Legal scholars and social scientists say the evidence is meager, at best, that the post-Watergate campaign finance system has accomplished the broad goals its supporters asserted.

Justice Anthony M. Kennedy noted in his opinion that no evidence was marshaled in 100,000 pages of legal briefs to show that unrestricted campaign money ever bought a lawmaker’s vote.  And even after Congress further tightened the rules with the landmark McCain-Feingold law in 2002, banning hundreds of millions of dollars in unlimited contributions to the political parties, public trust in government fell to new lows, according to polls.

And what about the corporations that contributed so much of that money?  A review of the biggest corporate donors found that their stock prices were unaffected after they stopped giving to the parties.  The results suggest that those companies did not lose their influence and may have been giving “because they were shaken down by politicians,” said Nathaniel Persily, a professor at Columbia Law School who has studied the law’s impact.

“There is no evidence that stricter campaign finance rules reduce corruption or raise positive assessments of government,” said Kenneth Mayer, a professor of political science at the University of Wisconsin-Madison.  “It seems like such an obvious relationship but it has proven impossible to prove.”

It is not merely an academic question.  The Supreme Court has consistently said that only fighting corruption or the appearance of corruption justifies laws that restrict political spending.  Other rationales -- like leveling the playing field between the haves and have-nots -- are not enough.

Defenders of the rules say their case for tighter restrictions on campaign money is obvious to anyone who knows Washington.  Private influence-seekers shower big contributions on politicians because they want to gain access and shape policy; they would not spend the money if they got nothing in return.

But even supporters of the rules acknowledge that the benefits can be hard to measure.  “I happen to think the campaign finance laws have done some modest good,” said Richard L. Hasen, an expert on political law at the Loyola Law School in Los Angeles.  “How much good?  We may soon find out,” he added, in the aftermath of the Supreme Court’s ruling on Thursday in Citizens United v. the Federal Election Commission.

Supporters of the restrictions point to Britain to show that governments can police corruption without imperiling free speech.  Britain started regulating political spending as far back as 1883 and has tightened the rules steadily ever since.

Those British restrictions would violate the Supreme Court’s view of the First Amendment, yet Britain’s political debates are as robust as they are in the United States.

Opponents of restrictions, on the other hand, point out that Australia barely regulates political money.  Individuals and corporations can give without limit.  Parties can spend freely.  And there is not much disclosure about who gives what to whom.  But political corruption has not threatened a vibrant democracy there.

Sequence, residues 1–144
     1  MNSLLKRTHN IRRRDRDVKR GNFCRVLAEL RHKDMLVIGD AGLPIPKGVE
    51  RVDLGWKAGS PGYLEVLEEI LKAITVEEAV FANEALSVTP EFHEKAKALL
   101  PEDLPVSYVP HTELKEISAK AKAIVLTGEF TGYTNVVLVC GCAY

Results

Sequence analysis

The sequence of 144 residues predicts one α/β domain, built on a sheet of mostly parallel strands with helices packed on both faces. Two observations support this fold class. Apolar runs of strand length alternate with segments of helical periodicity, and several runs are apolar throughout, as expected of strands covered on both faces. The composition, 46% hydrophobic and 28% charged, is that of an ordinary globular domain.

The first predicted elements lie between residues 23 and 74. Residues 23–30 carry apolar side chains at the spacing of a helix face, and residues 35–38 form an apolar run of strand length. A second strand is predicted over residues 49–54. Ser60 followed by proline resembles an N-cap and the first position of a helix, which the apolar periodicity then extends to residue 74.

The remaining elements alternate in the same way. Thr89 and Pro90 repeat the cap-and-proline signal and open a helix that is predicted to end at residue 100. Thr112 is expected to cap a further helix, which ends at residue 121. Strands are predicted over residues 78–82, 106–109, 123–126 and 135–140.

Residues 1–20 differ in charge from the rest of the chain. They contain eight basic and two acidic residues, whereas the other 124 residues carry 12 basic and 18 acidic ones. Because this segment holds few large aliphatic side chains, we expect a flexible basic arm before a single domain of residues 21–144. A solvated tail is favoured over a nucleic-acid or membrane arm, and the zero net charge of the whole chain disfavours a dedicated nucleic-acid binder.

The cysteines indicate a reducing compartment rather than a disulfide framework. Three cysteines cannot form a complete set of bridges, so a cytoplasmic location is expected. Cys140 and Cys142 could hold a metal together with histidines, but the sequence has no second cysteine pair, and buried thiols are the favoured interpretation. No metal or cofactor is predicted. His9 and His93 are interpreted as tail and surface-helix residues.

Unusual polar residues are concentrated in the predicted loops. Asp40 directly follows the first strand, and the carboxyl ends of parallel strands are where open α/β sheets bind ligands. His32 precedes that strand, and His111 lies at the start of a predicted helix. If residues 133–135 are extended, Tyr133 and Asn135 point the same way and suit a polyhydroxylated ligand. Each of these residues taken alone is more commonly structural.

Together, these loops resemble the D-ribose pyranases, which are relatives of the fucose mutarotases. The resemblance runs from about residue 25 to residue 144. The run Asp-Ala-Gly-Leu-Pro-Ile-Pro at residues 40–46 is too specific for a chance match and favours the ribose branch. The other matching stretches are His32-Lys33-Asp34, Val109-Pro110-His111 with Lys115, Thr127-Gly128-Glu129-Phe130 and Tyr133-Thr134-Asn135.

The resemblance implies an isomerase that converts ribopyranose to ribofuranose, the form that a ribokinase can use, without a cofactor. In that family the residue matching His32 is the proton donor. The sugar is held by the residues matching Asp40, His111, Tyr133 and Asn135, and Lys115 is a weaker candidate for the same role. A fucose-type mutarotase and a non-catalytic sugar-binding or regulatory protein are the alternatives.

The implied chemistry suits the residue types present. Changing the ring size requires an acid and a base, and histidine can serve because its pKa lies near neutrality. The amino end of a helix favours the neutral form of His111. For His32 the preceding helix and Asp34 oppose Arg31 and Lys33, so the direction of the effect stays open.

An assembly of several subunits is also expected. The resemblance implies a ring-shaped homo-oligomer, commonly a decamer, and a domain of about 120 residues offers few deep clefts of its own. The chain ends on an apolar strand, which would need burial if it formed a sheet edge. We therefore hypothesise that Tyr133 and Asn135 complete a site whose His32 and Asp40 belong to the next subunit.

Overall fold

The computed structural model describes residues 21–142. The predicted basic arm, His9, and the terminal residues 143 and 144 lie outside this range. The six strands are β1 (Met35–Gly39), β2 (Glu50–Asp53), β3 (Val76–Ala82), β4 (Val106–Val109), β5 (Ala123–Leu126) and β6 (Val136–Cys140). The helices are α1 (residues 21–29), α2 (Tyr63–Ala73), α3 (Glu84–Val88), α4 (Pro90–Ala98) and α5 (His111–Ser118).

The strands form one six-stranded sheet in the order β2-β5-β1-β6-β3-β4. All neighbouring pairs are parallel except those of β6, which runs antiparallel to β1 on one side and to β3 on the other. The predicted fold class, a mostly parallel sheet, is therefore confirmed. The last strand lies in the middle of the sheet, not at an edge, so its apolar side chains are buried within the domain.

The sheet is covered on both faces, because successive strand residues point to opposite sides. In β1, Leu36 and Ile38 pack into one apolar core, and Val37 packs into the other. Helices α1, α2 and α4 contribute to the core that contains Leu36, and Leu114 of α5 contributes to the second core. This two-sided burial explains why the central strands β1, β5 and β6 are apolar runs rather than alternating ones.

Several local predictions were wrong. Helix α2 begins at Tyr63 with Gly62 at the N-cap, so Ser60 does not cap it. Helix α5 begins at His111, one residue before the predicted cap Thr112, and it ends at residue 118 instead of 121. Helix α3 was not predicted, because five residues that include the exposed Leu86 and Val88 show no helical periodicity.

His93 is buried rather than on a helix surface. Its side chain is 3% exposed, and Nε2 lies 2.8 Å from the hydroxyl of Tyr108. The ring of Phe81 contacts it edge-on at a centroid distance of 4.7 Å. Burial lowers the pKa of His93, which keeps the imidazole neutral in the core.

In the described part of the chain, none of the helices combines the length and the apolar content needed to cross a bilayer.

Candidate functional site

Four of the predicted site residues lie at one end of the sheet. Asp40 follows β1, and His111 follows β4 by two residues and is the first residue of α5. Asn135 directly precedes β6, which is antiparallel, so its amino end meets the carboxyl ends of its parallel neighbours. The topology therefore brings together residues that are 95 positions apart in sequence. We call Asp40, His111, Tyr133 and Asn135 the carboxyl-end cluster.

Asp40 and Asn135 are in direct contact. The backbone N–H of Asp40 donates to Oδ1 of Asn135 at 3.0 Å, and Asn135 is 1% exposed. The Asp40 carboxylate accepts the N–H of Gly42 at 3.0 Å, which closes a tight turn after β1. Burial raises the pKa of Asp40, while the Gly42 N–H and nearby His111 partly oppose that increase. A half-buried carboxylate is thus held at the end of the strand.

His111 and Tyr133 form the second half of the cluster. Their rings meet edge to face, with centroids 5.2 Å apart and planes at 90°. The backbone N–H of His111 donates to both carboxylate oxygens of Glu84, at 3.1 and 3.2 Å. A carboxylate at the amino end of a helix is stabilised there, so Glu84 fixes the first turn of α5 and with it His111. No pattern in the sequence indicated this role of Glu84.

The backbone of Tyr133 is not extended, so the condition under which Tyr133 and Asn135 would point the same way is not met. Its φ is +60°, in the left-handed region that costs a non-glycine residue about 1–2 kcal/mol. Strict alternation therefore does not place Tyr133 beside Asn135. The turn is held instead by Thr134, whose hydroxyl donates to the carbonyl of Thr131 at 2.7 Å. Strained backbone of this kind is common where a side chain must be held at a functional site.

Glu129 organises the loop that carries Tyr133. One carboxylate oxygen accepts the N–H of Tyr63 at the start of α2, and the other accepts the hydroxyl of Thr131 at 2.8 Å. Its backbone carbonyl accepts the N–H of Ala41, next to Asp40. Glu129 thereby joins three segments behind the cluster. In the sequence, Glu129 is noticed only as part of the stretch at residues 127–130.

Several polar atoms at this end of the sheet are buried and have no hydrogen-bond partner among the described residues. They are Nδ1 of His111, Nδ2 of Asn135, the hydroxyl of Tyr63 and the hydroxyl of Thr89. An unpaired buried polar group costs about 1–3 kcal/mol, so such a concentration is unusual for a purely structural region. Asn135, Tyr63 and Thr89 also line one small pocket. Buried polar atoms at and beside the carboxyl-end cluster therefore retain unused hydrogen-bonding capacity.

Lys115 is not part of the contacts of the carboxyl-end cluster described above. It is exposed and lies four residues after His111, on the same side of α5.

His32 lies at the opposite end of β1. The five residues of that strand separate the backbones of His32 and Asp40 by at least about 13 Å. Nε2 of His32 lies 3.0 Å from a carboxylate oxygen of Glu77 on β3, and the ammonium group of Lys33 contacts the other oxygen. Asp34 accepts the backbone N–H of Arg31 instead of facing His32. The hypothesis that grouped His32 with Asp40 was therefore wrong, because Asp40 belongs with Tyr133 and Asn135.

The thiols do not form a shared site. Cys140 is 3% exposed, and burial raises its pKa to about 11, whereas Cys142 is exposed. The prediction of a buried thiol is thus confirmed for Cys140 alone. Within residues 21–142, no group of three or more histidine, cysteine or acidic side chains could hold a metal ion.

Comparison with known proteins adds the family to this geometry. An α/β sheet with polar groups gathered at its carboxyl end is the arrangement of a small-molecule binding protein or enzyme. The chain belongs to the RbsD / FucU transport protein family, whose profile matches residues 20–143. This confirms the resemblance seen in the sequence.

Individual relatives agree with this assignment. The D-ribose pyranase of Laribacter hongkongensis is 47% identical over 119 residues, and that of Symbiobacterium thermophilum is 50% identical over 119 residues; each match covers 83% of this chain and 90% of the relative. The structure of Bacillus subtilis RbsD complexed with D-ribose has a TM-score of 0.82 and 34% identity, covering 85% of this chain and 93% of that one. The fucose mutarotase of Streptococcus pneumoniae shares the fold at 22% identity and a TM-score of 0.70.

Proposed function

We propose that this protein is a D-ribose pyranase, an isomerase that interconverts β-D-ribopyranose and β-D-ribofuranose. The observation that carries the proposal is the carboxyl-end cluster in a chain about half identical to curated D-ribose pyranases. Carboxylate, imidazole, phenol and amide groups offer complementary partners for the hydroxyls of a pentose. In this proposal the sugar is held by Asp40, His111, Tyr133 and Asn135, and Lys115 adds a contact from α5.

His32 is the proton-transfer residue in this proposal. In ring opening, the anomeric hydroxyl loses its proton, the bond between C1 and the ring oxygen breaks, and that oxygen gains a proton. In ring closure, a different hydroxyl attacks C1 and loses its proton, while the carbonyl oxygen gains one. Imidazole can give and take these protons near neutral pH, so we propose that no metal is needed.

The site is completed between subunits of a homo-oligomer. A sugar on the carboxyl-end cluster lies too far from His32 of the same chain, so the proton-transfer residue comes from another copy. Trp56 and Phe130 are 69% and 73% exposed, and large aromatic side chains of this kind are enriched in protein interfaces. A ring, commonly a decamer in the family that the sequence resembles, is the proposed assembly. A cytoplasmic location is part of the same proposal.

In the United States, studies comparing states like Virginia with scant regulation against those like Wisconsin with strict rules have not found much difference in levels of corruption or public trust, several scholars said.  Jeff Milyo, an economist at the University of Missouri, has compared states with strict bans on corporate contributions to political parties against those with no limits at all.  “There is just no good evidence that campaign finance laws have any effect on actual corruption,” he said.

The most insistent advocates of the campaign finance laws argue that the benefits are real even if academics can’t measure them.  Fred Wertheimer, the dean of campaign finance “reformers,” pointed to the presidential campaign finance system as the best example of success.  For five elections beginning in 1976, the presidential candidates of both major parties took public financing and did not receive private campaign contributions.  “You can’t prove a negative,” Mr. Wertheimer said, “but in the Carter and Reagan presidencies there were no news stories about campaign contributions influencing presidential decisions.”

By the 2008 election, however, that system had grown obsolete.  Candidates could raise far more from private donors, and President Obama became the first major candidate since Richard M. Nixon to win election without public money.

Polls have shown that relatively few people understand or are even aware of the campaign finance rules.  Those who are aware of them usually assume that smart donors will be able to steer around the rules.  But Mr. Wertheimer said that a cat-and-mouse game of election rule-makers forever trying to catch up with the latest evasions by big money donors was only natural, “part of the ongoing battle to prevent government corruption.”

But some politicians say reformers like Mr. Wertheimer are unrealistic about how money and politicians mix.  They cite an old political maxim, attributed in a more vulgar form to the onetime California kingpin Jesse Unruh:  If you can’t take their money and vote against them, you don’t belong in politics.